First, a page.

After being in rumors all week about potential trade packages with the Orlando Magic, the Boston Celtics have indeed traded for Evan Fournier, per ESPN's Adrian Wojnarowski, with Boston sending Jeff Teague and two second-round picks back to Orlando, all of which was confirmed by The Athletic. Teague is not expected to report to Orlando and will receive a buyout from the Magic allowing him to become an unrestricted free agent.
Let's grade the trade on both sides of the deal.
- Two second-round picks
Magic trade grade: B
This is the footnote on the massive Orlando selloff that saw Vucevic routed to Chicago and Gordon to Denver. There was a lot of talk about Fournier being included as part of a bigger deal coupled with one of those two, but once he became the sole player in the deal, Orlando was not going to get a first-round pick or a current player of value for the 28-year-old Fournier, who's on an expiring contract.
The key in doing the deal with Boston is the $28.2 million Gordon Hayward traded player exception that allowed it to absorb Fournier's full $17 million salary, which is to say the Magic didn't have to take any money back. Had they traded Fournier to a team without a TPE at its disposal, Fournier's money would've had to be matched and perhaps that would've meant taking back a contract not set to expire. The run would be if another team was offering better draft picks but with a bad contract attached. We don't know that.
Either way, Orlando now has a $17 million TPE to use this offseason, when it will also have cap room. Or the Magic could operate as an over-the-cap team and simply trade into Fournier's TPE while preserving flexibility for future offseasons as what is sure to be a pretty lengthy rebuild finally commences. Once Fournier wasn't part of a bigger package, the key for Orlando was getting off his deal and activating the TPE. It did that. It's not a home run by any stretch, but mission accomplished.
Celtics trade grade: B+
It's not the big package Celtics fans might've been hoping for. It doesn't include Aaron Gordon or Nikola Vucevic, the latter of whom was traded to Chicago earlier. But Fournier is a legit knock-down shooter who will support Boston's plethora of one-on-one creation with spacing while generating his own offense as well.
Seeing a lot of "whatever" about Evan Fournier from some Celtics fans.— Keith Smith (@KeithSmithNBA) March 25, 2021
19.7 PPG on 46/39/80 splits isn't whatever.
No it's not ideal that he's an expiring contract, but this trade helps Boston's rotation a lot.
Chances are, Fournier will come off the bench for Boston, bolstering its second unit that is extremely short on shooting and playmaking while offering Brad Stevens another closing option in what could become a pretty nasty small-ball five of Kemba Walker, Jayson Tatum, Jaylen Brown, Fournier and Marcus Smart. Flip out Walker for Robert Williams or Moe Wagner, and that's still a tough lineup to guard.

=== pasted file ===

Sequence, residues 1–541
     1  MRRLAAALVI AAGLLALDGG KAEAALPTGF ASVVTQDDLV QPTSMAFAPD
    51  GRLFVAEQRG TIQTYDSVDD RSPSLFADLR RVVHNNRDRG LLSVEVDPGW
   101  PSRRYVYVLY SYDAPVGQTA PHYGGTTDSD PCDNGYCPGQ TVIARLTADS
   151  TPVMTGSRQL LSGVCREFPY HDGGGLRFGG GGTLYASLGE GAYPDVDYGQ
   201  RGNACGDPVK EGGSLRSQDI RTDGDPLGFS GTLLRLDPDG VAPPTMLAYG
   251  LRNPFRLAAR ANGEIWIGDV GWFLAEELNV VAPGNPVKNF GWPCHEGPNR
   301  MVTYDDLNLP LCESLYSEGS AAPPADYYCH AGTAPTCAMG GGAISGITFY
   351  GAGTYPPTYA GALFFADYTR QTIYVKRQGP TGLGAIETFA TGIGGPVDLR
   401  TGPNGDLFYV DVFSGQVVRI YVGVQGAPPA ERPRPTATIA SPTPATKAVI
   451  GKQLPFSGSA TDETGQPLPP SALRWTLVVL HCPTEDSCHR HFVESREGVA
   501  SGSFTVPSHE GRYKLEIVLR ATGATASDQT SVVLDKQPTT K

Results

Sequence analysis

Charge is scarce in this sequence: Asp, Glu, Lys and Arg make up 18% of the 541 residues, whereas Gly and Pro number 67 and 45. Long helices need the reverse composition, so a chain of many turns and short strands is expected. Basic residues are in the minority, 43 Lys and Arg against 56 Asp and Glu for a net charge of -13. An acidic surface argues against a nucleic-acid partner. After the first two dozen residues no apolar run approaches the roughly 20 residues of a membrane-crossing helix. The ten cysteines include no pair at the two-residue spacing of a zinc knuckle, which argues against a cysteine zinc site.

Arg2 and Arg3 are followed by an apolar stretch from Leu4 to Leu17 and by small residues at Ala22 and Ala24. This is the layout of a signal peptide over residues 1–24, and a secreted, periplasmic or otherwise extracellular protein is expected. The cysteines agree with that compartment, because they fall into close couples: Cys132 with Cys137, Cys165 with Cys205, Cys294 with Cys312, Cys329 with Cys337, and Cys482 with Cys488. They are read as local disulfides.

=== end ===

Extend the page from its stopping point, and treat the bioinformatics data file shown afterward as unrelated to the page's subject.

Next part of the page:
Evan Fournier has made 73 3-pointers this season. The Celtics entire bench has hit 178.— Jay King (@ByJayKing) March 25, 2021
Fournier is not as good as Gordon Hayward was supposed to be for Boston, but he's a close enough stand-in for the Celtics' needs in the immediacy as they try to jolt their way back into at least conference-finals contention. They, unfortunately, don't create a lot of good looks via ball and player movement, so if you're going to rely on guys making tough shots off individual creation or one-pass actions, you might as well load up on scorers who can make the most of those opportunities.
Fournier is a free agent this summer, so he could be a rental. If he is, Boston didn't give up much for him in the way of picks, but something tells me Danny Ainge sees Fournier as a long-term fit. John Hollinger of The Athletic floated the possibility of Boston extending Fournier's deal right now and not letting it get to free agency, while also proposing the idea that Boston could send an actual player to the Magic to avoid going over the luxury-tax line. If that happens, which seems likely, it's an even better deal for the Celtics.
As it stands, the Celtics absorb Fournier's full $17 million contract for this season into the $28.2 million traded player exception they had from the Gordon Hayward sign-and-trade with Charlotte this past offseason. In other words, the Celtics give up no players, add no money to their books (assuming they can wiggle under the tax line), retain $10.2 million of the Hayward exception to use this offseason, and still end up with a 20-point scorer/knock-down shooter in Fournier along with his Bird rights should they have to re-sign him as an over-the-cap team this summer.
All for two pretty insignificant second-rounders. Again, it's not a blockbuster deal. Fournier doesn't significantly change the Celtics' high-level equation (I'm still trying to figure out why they didn't jump all over Myles Turner if there was even an inkling of an opening to move Hayward to Indiana before he chose Charlotte), and as such, there's a bit of a letdown that this is the deal that ends up consuming almost two-thirds of the Hayward TPE. We all would've loved to see Fournier come to Boston as part of a package that included Gordon or Vucevic, both of which were rumored. Still, all that said, getting Fournier for what they gave up is a good, solid deal that fills real needs.